The case of Palestinian doctors from East Jerusalem, who the Israeli Health Ministry and Council for Higher Education have prevented from working, presents Israel with a question: Are Palestinian institutions foreign or domestic? The Jerusalem District Court this week ordered the Israeli Health Ministry to stop playing politics with the professional futures of 55 Palestinian doctors and to allow them to practice medicine in Israel. Why were the medical school graduates of Al-Quds University denied the opportunity to work in Israeli hospitals in the first place? The Health Ministry refused to allow them to take medical certification exams because Israel’s…

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  • Settlers confront IDF soldiers, and 'price tag' finally makes news

    Clashes between settlers and Israeli forces left several border policemen hospitalized Tuesday morning. While the mainstream media was quick to condemn the settlers' behavior, it missed the bigger story. We have been asking here for some time why the so-called "price tag" attacks don’t get the media attention they deserve. For those unfamiliar with the term, price tag attacks refer to attacks by radical settler groups – “hilltop youth” and others, mostly from the settlement outposts – on Palestinians and their property, including: beatings, arson, graffiti on mosques, and most frequently – the destruction of olive trees. The name “price…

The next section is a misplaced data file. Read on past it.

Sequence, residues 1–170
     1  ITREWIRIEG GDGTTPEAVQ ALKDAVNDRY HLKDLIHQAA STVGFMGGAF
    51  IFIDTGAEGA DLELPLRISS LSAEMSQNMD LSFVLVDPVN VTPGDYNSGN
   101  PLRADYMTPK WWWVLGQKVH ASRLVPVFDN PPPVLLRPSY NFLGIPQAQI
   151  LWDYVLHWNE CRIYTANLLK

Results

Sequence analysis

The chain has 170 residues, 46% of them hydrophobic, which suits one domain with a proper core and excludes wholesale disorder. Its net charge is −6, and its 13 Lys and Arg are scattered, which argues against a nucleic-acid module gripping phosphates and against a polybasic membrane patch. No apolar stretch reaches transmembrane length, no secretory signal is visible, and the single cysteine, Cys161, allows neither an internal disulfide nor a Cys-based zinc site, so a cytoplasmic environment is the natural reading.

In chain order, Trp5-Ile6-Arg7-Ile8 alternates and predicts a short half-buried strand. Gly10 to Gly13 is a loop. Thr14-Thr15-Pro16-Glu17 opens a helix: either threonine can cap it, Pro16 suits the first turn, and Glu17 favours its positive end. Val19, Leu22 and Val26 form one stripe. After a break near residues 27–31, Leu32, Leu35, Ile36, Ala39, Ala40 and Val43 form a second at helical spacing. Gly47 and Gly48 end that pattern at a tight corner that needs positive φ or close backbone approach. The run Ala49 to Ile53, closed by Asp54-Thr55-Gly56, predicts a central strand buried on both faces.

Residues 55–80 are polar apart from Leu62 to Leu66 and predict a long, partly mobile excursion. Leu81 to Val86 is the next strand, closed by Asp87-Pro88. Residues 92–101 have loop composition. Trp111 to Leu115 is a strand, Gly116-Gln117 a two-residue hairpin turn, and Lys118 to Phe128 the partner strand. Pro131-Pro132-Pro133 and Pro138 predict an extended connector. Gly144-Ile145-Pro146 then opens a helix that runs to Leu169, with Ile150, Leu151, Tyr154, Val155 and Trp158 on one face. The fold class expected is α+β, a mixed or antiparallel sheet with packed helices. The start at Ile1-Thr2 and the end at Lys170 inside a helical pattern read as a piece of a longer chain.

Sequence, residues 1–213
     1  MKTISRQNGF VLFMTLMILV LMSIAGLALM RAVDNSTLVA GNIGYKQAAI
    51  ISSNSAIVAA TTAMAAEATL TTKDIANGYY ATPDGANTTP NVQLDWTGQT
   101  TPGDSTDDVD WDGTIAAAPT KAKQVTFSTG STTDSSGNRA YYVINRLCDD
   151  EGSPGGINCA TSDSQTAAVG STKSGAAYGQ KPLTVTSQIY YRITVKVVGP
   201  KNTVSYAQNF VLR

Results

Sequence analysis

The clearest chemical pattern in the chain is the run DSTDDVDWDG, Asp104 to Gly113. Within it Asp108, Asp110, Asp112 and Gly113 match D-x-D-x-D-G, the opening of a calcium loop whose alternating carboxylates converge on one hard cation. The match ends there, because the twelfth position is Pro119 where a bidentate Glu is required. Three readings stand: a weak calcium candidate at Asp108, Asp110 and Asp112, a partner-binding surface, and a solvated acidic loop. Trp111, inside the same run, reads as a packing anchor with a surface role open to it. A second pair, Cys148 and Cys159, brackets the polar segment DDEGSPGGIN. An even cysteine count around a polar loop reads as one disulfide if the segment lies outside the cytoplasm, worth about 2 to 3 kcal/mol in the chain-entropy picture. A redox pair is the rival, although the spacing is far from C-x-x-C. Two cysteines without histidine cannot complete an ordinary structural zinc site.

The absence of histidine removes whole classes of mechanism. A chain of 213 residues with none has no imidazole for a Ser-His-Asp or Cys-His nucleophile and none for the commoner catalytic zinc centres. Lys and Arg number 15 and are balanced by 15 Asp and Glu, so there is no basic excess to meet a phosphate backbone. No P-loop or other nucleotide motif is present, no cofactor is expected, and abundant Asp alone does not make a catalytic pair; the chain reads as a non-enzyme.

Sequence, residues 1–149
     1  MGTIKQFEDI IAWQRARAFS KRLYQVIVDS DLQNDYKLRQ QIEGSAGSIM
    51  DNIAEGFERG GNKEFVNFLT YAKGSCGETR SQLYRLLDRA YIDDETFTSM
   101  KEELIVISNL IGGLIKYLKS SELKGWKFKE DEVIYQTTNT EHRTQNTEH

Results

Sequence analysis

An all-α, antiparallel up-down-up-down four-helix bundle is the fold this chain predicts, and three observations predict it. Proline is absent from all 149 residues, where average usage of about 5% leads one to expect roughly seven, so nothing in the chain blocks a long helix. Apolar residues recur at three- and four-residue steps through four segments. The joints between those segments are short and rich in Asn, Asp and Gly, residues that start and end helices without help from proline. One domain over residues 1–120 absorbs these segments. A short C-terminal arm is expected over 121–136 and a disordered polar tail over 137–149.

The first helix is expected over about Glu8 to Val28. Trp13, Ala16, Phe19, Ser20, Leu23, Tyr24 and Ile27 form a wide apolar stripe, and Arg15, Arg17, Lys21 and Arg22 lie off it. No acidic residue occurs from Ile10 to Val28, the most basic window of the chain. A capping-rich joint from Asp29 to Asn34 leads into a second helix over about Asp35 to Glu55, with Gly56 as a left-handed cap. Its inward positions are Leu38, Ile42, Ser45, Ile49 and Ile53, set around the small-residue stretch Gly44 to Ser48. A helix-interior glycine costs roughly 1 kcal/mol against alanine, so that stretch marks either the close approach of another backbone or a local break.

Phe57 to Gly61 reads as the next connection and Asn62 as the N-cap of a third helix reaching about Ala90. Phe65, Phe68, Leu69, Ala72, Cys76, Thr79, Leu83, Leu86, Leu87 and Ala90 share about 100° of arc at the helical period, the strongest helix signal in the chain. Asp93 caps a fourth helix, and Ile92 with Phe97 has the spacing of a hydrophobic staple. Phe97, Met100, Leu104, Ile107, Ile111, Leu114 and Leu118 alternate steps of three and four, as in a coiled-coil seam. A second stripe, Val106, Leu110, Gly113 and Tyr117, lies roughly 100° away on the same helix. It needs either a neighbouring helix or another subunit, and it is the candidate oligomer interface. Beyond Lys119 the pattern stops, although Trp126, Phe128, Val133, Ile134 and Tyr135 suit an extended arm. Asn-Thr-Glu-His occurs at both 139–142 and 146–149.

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  • WATCH: When refusing army service is a privileged position

    A group of 50 Israeli high school seniors recently sent letters to the prime minister declaring that they will refuse to serve in the army on ideological grounds. But refusing to serve the occupation can be a privileged position, one that is not afforded to various groups of Israelis of certain socioeconomic and religious backgrounds.  Read more on Israel's latest class of refusers: Israeli teens tell Netanyahu: We will not take part in occupation

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  • The rejectionist: Netanyahu and the peace talks

    The Palestinian leadership changed, the political circumstances shifted, administrations came and went, but every round of talks involving Netanyahu follows the same dynamic, and ends the same way. When talks between Israeli and Palestinian negotiators resumed last summer, a couple of pollsters asked Israelis whether they think Prime Minister Netanyahu actually supports the two-state solution – which, at least in theory, was the agreed-upon goal of the process. The results didn’t receive enough attention at the time: one poll, published on Channel 2’s website, found that 50 percent of the public didn’t think Netanyahu genuinely adopted the two-state solution, as…

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  • Weekly Notebook: On Bibi's lies, BDS, reality shows, and more